ENVIRONMENTAL MIGRATION DATA PROVIDED BY THE MIGRATION DATA PORTAL: LINK TO SOURCE: https://migrationdataportal.org/themes/environmental_migration

At the end of 2019, around 5.1 million people in 95 countries and territories were living in displacement as a result of disasters that happened not only in 2019, but also in previous years. (IDMC, 2020a). The countries with the highest number of internally displaced persons were Afghanistan (1.2 million); India (590,000); Ethiopia (390,000), Philippines (364,000) and Sudan (272,000) (ibid.). 

In the first half of 2020 alone, disasters displaced 9.8 million people and remained the leading trigger of new internal displacements globally (IDMC, 2020b). Five countries accounted for nearly 75 per cent of the new internal displacements due to disasters in the first half of 2020: India (2.7 million), Bangladesh (2.5 million), Philippines (811,000), China (791,000) and Somalia (514,000) (ibid.). In 2019, nearly 2,000 disasters triggered 24.9 million new internal displacements across 140 countries and territories; this is the highest figure recorded since 2012 and three times the number of displacements caused by conflict and violence (IDMC, 2020a) Most of the disaster displacements were the result of tropical storms and monsoon rains in South Asia and East Asia and Pacific; four countries accounted for more than 17 million new internal displacements due to disaster:  India (5 million), the Philippines (4.1 million), Bangladesh (4.1 million), and China (4 million) (ibid.).

While the majority of mobility in the context of environmental and climate change more generally, including disaster displacement, occurs within the borders of countries, some people are forced to move abroad. Global data on cross-border movement in the context of disasters are, however, limited, with only a few notable cases being examined so far (Nansen Initiative, 2015; Ionesco, Mokhnacheva and Gemenne, 2017). In some cases, official sources on humanitarian visas by countries such as the United States (US), Brazil and Argentina for Haitians can be used.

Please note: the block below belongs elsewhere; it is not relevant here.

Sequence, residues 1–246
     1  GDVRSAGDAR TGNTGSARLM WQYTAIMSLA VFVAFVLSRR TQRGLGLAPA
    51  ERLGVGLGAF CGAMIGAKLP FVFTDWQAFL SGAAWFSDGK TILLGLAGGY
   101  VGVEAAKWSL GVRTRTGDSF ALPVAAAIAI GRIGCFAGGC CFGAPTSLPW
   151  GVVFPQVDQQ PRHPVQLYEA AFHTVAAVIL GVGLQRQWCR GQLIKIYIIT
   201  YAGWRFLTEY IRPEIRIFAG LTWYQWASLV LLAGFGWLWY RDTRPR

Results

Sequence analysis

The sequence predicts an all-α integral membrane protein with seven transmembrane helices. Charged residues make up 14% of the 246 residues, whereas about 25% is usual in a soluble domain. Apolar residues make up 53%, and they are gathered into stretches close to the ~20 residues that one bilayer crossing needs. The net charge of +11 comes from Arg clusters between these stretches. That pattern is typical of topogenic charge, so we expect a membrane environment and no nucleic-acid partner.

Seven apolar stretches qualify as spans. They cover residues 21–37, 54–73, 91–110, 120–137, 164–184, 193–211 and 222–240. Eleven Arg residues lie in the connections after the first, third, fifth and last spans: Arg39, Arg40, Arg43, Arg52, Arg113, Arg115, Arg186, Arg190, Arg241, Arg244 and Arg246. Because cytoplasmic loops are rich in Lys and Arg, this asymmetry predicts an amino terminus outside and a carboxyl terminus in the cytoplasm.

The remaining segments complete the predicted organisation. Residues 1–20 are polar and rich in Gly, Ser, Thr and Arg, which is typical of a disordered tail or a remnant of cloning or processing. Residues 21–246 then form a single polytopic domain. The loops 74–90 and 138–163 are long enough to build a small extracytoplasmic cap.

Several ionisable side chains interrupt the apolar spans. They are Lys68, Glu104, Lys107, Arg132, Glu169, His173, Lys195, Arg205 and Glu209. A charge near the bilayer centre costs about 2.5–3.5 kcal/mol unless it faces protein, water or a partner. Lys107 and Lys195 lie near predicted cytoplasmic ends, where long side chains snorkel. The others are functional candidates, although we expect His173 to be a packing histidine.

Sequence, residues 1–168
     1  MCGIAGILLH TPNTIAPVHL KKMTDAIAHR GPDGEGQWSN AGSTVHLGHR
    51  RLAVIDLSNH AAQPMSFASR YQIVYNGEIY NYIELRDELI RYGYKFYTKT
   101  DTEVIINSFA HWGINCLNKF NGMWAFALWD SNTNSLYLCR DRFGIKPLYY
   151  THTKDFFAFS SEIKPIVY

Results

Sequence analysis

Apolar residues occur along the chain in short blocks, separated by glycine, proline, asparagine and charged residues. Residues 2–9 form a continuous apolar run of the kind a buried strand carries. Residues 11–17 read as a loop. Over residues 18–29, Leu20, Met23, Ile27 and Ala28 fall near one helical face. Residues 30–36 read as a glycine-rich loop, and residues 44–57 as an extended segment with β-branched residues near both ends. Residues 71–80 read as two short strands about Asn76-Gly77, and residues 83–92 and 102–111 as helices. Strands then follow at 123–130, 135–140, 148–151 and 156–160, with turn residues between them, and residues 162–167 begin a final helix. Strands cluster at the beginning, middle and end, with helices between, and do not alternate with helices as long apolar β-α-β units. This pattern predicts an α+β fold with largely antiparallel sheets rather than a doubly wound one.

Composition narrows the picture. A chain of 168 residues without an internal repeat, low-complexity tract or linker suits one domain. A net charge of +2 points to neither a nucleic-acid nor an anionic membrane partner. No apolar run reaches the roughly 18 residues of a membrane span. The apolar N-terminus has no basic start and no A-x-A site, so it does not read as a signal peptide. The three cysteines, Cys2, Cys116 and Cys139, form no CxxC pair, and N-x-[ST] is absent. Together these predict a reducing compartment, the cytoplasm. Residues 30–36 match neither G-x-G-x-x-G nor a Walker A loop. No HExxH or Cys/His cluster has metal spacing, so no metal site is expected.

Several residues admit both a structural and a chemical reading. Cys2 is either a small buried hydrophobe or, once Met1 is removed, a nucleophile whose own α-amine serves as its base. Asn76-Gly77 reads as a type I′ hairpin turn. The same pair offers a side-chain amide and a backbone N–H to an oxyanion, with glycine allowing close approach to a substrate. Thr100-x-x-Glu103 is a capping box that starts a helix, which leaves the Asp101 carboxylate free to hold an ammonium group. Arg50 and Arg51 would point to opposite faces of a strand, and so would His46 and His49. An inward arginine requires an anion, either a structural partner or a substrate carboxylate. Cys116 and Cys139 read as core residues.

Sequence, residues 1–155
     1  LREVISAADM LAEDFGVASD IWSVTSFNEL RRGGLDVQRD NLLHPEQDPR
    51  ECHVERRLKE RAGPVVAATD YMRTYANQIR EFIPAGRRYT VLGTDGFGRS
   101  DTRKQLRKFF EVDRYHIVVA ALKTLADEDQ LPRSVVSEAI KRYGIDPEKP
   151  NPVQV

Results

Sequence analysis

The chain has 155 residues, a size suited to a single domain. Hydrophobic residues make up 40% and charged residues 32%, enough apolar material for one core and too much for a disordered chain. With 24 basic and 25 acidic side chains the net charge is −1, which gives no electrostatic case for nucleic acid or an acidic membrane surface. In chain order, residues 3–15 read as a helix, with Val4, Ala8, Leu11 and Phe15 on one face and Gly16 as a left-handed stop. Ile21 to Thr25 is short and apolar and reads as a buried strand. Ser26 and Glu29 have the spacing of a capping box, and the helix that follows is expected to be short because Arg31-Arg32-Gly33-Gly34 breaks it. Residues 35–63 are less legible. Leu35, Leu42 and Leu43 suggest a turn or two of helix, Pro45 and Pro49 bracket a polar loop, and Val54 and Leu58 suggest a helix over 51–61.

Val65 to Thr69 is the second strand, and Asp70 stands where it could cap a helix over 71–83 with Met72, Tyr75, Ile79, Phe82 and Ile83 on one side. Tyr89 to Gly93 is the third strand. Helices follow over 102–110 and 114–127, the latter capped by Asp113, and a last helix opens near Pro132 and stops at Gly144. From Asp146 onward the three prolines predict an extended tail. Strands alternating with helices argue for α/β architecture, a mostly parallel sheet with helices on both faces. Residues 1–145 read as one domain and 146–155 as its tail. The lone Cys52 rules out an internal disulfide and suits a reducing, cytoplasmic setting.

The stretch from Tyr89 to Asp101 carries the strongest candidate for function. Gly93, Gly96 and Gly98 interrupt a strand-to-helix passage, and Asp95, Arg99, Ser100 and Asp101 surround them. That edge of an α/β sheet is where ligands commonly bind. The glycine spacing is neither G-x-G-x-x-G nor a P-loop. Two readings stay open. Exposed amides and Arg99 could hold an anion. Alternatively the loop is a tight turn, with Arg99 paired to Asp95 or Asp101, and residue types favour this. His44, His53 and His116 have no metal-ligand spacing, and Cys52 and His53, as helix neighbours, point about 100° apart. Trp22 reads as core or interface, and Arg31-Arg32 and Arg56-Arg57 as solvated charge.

Slow-onset processes such as droughts or sea level rise also increasingly affect people’s mobility worldwide. Though specific data are not available, case studies are highlighted by existing research, for example: Foresight, 2011Piguet and Laczko, 2014Ionesco, Mokhnacheva and Gemenne, 2017.

The relocation of communities in the context of environmental and climate change is also increasingly implemented by governments (for a summary of recent relocation programmes see Ionesco, Mokhnacheva and Gemenne, 2016Benton, 2017 and Georgetown University, UNHCR and IOM, 2017). For instance, tens of thousands of people have been relocated in Haiti (Pierre, 2015) and in Viet Nam (UN Viet Nam, 2014Chun 2014Entzinger and Scholten, 2015); hundreds of thousands in Ethiopia (Foresight, 2011: 177); about a million in the Philippines (Ranque and Quetulio-Navarra, 2015Thomas, 2015Brookings and UNHCR, 2015: 3-4) and several millions in China (Foresight, 2011: 177).

PART-3: CAUSES OF MIGRATION LISTED IN THE WORLD MIGRATION REPORTS OF THE IOM (WMR)

LINK TO SOURCE DOCUMENT: https://publications.iom.int/system/files/pdf/wmr_2020.pdf

AN EXAMPLE OF CLIMATE REFUGEE ACTIVISM ON YOUTUBE

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  • chaamjamal: Thank you
  • skeptic16: The environmentalist Left and their wealthy financial supporters are not so keen on returning manufacturing to the US where production would be cleane
  • fgsjr2015: Greta Thunberg aptly and poignantly described the global-warming (non)efforts of faux or neo-environmentalist politicos as just more "blah, blah, blah